Why every teacher needs to know about childhood trauma

The Royal Commission into child sexual abuse recommended schools be “trauma-informed”. Being trauma-informed does not mean teachers and schools must be trained to treat trauma. Rather they must understand the impact it can have on children’s lives.


Why every teacher needs to know about childhood trauma

By Emily Berger, Lecturer, Monash University and Karen Martin, Asst Professor Population Health, University of Western Australia
Originally published by The Conversation on September 11 2020.

The Conversation

The Conversation is an independent source of news and views, sourced from the academic and research community and delivered direct to the public.


School closures had positive effects on some teenagers’ mental health, our new research suggests

Research from the UK suggests that during lockdown there might have been an overall reduction in anxiety, and an increase in wellbeing, in some young people


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Want to see a therapist but don’t know where to start? Here’s how to get a mental health plan

Under Medicare, you can already access ten subsidised sessions per calendar year with a registered psychologist, social worker or occupational therapist.


Lonely in lockdown? You’re not alone. 1 in 2 Australians feel more lonely since coronavirus

Humans are innately social, and when we are deprived of something, the need becomes even stronger


The psychology of lockdown suggests sticking to rules gets harder the longer it continues

In times of uncertainty we look to others to guide our own behaviour as they set our social norms.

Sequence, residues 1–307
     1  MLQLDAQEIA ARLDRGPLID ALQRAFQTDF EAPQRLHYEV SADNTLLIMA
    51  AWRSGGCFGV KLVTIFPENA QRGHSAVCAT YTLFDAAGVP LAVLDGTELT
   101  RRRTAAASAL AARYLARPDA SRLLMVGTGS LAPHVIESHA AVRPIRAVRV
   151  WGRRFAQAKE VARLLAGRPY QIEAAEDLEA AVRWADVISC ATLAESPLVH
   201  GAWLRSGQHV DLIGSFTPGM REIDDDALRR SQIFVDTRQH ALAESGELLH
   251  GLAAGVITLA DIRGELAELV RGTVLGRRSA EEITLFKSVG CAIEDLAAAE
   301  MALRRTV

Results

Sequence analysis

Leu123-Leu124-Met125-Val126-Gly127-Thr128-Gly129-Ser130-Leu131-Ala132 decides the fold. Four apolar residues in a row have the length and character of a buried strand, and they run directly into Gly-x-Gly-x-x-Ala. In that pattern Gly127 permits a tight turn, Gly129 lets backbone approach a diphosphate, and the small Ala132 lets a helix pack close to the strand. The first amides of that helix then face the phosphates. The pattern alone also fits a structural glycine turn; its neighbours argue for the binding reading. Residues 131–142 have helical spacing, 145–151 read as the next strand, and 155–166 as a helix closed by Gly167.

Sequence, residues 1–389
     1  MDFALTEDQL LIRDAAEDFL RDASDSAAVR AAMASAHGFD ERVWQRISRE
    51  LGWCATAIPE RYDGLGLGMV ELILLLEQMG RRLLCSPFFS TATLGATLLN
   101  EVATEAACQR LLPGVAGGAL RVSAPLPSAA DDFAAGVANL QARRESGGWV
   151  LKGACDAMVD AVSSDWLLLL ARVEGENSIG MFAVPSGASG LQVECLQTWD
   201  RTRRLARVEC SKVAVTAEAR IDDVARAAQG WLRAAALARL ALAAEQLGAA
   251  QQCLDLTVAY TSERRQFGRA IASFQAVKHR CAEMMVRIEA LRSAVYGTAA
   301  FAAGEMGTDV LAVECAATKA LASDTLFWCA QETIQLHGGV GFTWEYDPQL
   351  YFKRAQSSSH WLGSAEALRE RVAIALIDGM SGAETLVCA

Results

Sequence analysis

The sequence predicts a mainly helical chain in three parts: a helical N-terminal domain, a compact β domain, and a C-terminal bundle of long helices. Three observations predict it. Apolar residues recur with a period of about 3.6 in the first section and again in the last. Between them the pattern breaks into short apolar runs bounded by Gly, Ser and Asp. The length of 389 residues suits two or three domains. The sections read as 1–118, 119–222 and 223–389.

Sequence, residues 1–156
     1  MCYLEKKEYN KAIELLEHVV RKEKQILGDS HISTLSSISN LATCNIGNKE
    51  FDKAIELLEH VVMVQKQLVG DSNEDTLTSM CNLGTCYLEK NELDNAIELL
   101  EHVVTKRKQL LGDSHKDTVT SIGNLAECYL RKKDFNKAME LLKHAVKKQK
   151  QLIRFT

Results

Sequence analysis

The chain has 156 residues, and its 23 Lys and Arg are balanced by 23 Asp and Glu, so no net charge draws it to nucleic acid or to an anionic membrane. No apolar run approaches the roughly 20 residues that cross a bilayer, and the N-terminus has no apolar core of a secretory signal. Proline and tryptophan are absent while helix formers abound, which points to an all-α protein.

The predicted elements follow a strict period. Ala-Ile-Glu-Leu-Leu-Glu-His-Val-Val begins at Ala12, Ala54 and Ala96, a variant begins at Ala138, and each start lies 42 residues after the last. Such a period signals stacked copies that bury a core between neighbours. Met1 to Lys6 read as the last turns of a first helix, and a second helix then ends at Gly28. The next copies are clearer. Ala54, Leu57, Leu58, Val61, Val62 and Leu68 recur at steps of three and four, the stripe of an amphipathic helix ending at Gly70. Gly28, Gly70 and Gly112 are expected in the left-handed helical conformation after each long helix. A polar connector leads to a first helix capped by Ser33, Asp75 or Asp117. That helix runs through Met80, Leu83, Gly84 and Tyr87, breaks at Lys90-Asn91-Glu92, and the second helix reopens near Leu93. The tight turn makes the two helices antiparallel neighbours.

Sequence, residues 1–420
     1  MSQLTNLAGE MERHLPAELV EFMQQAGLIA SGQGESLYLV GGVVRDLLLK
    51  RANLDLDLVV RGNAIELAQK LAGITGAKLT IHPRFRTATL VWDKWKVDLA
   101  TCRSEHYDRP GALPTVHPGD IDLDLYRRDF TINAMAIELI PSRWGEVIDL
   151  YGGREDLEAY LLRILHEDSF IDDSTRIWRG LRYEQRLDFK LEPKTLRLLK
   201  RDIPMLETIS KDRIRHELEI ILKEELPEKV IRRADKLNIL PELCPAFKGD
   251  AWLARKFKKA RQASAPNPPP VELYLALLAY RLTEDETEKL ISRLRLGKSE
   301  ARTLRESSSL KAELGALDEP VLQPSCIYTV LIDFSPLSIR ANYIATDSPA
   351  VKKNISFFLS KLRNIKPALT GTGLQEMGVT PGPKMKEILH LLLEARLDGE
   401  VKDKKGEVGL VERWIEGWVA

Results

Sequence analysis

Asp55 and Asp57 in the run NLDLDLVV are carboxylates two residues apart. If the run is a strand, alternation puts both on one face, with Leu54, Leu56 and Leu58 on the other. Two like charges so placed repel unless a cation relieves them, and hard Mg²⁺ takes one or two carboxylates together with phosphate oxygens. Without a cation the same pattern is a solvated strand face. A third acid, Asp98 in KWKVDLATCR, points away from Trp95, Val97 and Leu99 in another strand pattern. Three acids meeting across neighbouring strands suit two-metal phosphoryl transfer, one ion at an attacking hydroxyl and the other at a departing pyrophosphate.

Why are we calling it ‘social distancing’? Right now, we need social connections more than ever

How to stay socially connected, whilst remaining physically distant.


Psychologists say changing  perceptions of the world around you is critical to combating  loneliness

Loneliness is contagious – and here’s how to beat it

Shifting your perceptions and practicing social skills can help people overcome their feelings of social isolation


Loneliness can be transmitted but we don't know how or why

Loneliness is a health issue, and needs targeted solutions

Unmet social needs are no small matter - as a growing body of mental health research is showing


Loneliness is often mistaken for a symptom of depression but it is a mental health issue in its own rigth

The deadly truth about loneliness

The quality of relationships is more important than the quantity when it comes to loneliness, and health researchers are paying increasingly close attention to the mental health implications


Why are people drawn to the terror and exhilaration of rollercoasters?

The psychology of roller coasters

Can differences in brain chemistry explain the sensation seeking behaviour seen in theme parks?

Published in: Health, Society

The psychology of roller coasters

By Richard Stephens, Senior Lecturer in Psychology, Keele University
Originally published by The Conversation on July 11 2018.

The Conversation

The Conversation is an independent source of news and views, sourced from the academic and research community and delivered direct to the public.